Source: EMA approves Gwanda solar plant project | The Herald June 1, 2017
CIVIL works for the construction of the 100 megawatt Gwanda solar plant are set to commence after the Environmental Management Authority issued an Environmental Impact Assessment certificate for the project.
According to EMA, the certificate gives Zimbabwe Power Company permission to carry out the project in terms of Section 11 of the Environmental Management Act, which states terms and conditions for such projects.
The certificate, under licence number 8000017541, was issued by EMA environmental officer, Mr Timothy Dandawa last month, and paves the way for beginning of civil works on the plant site at Judd’s Farm.
“(ZPC) is permitted to operate in accordance with part XI of the environmental management Act Chapter 20:27, under specified terms and conditions,” reads an excerpt from the EMA certificate.
Secretary for Energy and Power Development Partson Mbiriri recently said that the civil works for the Gwanda solar power station were likely to commence before the end of this year, particularly the third quarter of the year.
ZPC, through a tender process conducted by the State Procurement Board, last year awarded the contract for the Gwanda solar plant to a Chinese firm at a cost of $202 million. It also awarded two more projects to foreign firms for construction of solar plants in Bulawayo and Munyati.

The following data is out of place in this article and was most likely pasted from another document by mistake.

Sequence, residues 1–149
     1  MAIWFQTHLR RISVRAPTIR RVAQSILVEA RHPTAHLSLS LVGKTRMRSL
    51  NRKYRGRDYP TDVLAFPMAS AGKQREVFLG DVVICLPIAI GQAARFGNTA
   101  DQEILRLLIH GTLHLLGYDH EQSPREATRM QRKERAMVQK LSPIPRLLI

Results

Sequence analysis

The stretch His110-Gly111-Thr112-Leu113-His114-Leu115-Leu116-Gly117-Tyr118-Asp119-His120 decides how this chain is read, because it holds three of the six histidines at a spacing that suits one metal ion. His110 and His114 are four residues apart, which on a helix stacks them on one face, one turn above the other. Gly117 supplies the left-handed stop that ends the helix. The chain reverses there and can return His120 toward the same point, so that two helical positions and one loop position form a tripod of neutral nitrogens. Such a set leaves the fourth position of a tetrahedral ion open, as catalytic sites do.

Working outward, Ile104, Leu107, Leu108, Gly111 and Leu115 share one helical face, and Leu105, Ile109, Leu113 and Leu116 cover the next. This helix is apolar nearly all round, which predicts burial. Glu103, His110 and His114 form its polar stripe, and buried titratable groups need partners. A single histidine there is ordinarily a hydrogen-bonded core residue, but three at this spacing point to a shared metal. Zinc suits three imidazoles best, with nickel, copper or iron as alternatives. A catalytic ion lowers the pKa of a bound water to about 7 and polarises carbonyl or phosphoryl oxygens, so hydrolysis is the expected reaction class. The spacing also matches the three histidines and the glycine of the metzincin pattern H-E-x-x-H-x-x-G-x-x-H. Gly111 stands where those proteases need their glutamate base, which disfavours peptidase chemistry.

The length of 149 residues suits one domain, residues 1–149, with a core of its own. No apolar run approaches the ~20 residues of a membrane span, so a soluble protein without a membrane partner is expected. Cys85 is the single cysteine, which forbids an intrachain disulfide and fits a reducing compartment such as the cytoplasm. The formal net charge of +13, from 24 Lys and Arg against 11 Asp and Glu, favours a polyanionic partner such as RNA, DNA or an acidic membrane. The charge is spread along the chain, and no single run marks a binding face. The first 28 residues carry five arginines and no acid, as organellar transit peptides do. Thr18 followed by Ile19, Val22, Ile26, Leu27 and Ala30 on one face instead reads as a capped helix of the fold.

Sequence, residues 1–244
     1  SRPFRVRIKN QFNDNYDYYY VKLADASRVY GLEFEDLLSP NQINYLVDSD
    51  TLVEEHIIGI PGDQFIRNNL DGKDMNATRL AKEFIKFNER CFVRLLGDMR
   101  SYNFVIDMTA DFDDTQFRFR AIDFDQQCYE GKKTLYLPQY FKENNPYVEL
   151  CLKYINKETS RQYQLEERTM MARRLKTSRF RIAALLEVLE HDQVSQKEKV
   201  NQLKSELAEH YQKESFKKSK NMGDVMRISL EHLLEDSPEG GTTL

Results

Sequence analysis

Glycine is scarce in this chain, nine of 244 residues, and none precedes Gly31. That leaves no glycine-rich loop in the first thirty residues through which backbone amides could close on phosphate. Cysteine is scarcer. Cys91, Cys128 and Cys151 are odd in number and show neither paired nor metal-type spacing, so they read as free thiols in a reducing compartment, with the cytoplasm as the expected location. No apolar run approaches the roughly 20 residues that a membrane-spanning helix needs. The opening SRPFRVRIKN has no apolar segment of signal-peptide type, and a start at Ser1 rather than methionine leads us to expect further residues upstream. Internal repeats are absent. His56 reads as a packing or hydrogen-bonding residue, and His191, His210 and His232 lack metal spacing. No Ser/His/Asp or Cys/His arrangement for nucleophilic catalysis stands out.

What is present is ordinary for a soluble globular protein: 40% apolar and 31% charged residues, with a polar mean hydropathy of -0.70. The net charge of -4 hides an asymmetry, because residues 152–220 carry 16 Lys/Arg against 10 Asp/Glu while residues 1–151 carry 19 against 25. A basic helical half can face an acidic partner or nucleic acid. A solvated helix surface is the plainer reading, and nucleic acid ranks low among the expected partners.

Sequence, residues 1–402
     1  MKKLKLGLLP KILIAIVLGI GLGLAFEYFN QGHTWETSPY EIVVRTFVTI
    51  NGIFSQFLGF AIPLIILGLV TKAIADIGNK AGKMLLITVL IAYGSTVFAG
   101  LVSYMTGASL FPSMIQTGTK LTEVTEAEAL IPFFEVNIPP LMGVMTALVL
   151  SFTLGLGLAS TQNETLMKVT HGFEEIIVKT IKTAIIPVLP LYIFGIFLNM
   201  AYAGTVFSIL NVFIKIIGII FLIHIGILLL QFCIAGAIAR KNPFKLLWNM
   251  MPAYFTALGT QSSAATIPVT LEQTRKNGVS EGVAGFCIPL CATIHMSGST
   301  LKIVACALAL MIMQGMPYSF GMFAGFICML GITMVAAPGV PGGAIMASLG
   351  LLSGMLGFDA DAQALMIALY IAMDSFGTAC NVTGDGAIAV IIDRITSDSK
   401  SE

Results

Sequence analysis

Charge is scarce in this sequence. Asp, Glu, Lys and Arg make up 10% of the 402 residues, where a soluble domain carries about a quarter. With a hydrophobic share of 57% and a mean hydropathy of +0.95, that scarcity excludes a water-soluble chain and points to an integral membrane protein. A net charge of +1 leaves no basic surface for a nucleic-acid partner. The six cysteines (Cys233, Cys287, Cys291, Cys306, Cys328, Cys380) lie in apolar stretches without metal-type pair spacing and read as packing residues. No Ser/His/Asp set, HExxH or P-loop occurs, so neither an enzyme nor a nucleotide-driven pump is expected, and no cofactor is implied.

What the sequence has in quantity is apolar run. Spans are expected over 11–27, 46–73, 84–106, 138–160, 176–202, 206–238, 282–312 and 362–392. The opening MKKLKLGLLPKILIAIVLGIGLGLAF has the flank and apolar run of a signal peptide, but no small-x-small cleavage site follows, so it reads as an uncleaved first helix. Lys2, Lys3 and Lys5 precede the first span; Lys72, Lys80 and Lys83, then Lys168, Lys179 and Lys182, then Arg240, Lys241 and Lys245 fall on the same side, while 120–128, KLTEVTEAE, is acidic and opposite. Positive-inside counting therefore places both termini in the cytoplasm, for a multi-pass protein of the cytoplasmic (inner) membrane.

ZPC’s Gwanda solar plant will be constructed by billion-dollar asset firm, Shanghai Stock Exchange listed CHiNT Electric Co Ltd and its local partner. Mr Mbiriri said that despite the negative publicity around the Gwanda solar project, it was far ahead of the other two — Insukamini in Bulawayo and Munyati.
Last year, he said it was not possible to reverse the projects as the period allowed for cancellations of tenders, at law, had lapsed. The 21-day period for cancellation of tenders over irregularities, as provided for in the State Procurement Board, passed without objections lodged. There were calls for reversal of the Gwanda project over lack of progress.
Mr Mbiriri said last year that multimillion dollar tender projects always courted controversy across the world and in Zimbabwe two firms actually resorted to the courts of law to resolve their differences over a ZPC tender.
Finance and Economic Development Minister Patrick Chinamasa this year accorded prescribed asset status to the Gwanda solar project to facilitate mobilisation of funding for the implementation of the power project. For the same reason he also conferred the project with liquid asset status.
The power projects being undertaken by ZPC fall into its broad strategies to increase domestic power generation to close Zimbabwe’s deficit. Local generation currently stands at just over 1 000MW, against demand at peak periods of 1 400MW. The deficit is met from regional imports.